From the manufacturer's point of view, they were primarily there to facilitate the sale of new vehicles and/or to meet legal obligations. Some of these activities were quickly integrated into the manufacturers' core business because they were included in their accounts and quickly appeared to offer greater and more stable profitability: this is the case for parts and credit. Others, such as used vehicles and workshops, were not included in the manufacturers' accounts but remained in those of the distributors. For this reason, they were for a long time the object of a relative lack of interest on the part of the manufacturers who largely delegated their management to their distributors. Over the years, as the difficulty of selling new vehicles has increased, the margins corresponding to the primary function have been reduced and it is by carrying out the other trades and in particular after-sales that the distributors have managed to stand on their own feet.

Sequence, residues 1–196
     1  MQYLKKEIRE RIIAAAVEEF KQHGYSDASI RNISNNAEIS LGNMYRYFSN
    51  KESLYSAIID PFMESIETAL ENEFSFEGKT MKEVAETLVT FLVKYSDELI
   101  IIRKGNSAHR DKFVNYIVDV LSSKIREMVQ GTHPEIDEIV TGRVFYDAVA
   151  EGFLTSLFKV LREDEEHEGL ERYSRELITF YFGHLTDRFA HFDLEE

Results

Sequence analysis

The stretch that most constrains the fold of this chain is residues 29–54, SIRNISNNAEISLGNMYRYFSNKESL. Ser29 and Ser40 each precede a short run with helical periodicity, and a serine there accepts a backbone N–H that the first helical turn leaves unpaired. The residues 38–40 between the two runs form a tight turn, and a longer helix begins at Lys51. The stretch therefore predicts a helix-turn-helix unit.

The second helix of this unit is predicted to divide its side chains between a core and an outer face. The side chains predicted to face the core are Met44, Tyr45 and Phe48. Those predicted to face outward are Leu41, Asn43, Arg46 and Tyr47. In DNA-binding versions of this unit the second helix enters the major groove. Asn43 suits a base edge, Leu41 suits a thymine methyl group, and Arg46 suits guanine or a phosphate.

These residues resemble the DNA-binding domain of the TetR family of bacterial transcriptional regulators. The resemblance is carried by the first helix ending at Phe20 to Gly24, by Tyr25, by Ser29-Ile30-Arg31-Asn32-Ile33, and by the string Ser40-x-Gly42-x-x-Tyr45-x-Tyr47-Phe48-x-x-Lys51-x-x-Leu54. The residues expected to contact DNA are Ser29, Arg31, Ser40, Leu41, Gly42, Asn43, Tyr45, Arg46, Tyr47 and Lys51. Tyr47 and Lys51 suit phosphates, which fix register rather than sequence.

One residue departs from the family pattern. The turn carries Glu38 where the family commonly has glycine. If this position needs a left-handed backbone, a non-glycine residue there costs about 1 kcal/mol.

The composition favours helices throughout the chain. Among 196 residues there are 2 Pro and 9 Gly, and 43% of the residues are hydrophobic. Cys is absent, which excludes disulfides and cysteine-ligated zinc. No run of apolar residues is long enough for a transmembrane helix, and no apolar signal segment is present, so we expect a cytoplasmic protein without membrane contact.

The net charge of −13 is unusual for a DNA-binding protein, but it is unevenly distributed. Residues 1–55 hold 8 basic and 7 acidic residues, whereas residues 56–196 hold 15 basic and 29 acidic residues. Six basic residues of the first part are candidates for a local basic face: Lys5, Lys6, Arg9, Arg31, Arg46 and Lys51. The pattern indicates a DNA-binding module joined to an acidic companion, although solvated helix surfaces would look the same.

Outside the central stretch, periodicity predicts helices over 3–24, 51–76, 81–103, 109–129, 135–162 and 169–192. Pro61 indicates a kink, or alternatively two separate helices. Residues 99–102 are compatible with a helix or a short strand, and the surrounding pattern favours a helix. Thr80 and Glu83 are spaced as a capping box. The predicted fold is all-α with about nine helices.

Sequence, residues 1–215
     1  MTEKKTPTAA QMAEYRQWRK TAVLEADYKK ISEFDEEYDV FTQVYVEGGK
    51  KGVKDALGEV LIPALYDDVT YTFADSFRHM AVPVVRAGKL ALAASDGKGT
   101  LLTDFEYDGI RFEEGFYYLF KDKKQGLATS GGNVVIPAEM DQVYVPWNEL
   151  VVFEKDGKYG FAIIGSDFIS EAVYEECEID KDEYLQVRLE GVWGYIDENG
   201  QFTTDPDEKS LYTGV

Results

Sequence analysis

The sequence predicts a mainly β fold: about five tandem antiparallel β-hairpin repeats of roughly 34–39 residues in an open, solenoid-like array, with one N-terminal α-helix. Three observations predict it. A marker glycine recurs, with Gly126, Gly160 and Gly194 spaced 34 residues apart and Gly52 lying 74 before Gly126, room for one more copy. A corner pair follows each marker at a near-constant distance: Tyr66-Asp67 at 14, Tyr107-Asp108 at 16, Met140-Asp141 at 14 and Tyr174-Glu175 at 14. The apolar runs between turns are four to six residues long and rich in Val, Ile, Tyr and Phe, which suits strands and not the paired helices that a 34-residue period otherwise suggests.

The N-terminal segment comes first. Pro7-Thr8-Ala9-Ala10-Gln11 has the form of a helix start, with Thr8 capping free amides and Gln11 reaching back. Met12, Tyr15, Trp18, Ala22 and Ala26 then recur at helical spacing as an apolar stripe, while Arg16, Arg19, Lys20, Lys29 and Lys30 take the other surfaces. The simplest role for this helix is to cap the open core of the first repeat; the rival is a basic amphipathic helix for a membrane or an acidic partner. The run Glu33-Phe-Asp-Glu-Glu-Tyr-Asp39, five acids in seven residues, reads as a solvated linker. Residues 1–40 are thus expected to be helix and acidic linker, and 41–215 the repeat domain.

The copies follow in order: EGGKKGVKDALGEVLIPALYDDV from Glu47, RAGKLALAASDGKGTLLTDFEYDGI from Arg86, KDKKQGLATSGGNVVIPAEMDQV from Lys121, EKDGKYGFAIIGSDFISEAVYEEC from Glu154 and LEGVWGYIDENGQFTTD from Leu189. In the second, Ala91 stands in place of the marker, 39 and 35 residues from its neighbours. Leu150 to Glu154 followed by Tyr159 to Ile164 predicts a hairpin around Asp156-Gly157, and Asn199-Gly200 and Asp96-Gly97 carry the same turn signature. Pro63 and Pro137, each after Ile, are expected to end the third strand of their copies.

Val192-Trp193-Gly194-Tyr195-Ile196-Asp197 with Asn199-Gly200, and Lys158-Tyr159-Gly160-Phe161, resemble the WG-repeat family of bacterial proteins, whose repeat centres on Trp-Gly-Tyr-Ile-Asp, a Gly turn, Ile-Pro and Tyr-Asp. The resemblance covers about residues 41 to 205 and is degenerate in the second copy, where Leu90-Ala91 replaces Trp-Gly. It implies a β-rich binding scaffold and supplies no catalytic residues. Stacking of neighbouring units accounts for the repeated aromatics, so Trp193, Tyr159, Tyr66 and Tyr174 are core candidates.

For years, the whole profession has known that these economic equations are extremely fragile, partly because workshops are less and less able to cover their structural costs, and partly because new car sales to private individuals (which is the only one that dealers alone are able to provide) represent a decreasing share of registrations, which are themselves struggling to maintain their historical levels. The year 2021 exacerbates these trends in Europe in general and in France in particular as registrations are very low (less than 1.4 million over 10 months) and sales to private individuals also represent an exceptionally low share (43% over the first 10 months). Since this is the year in which, in the context of the discussions associated with the renegotiation of the exemption regulation, manufacturers are showing both a very strong desire to fully digitise a growing proportion of their sales and plans to transform their contracts with their networks into agency contracts, the distribution groups and their managers are looking for ways to save themselves.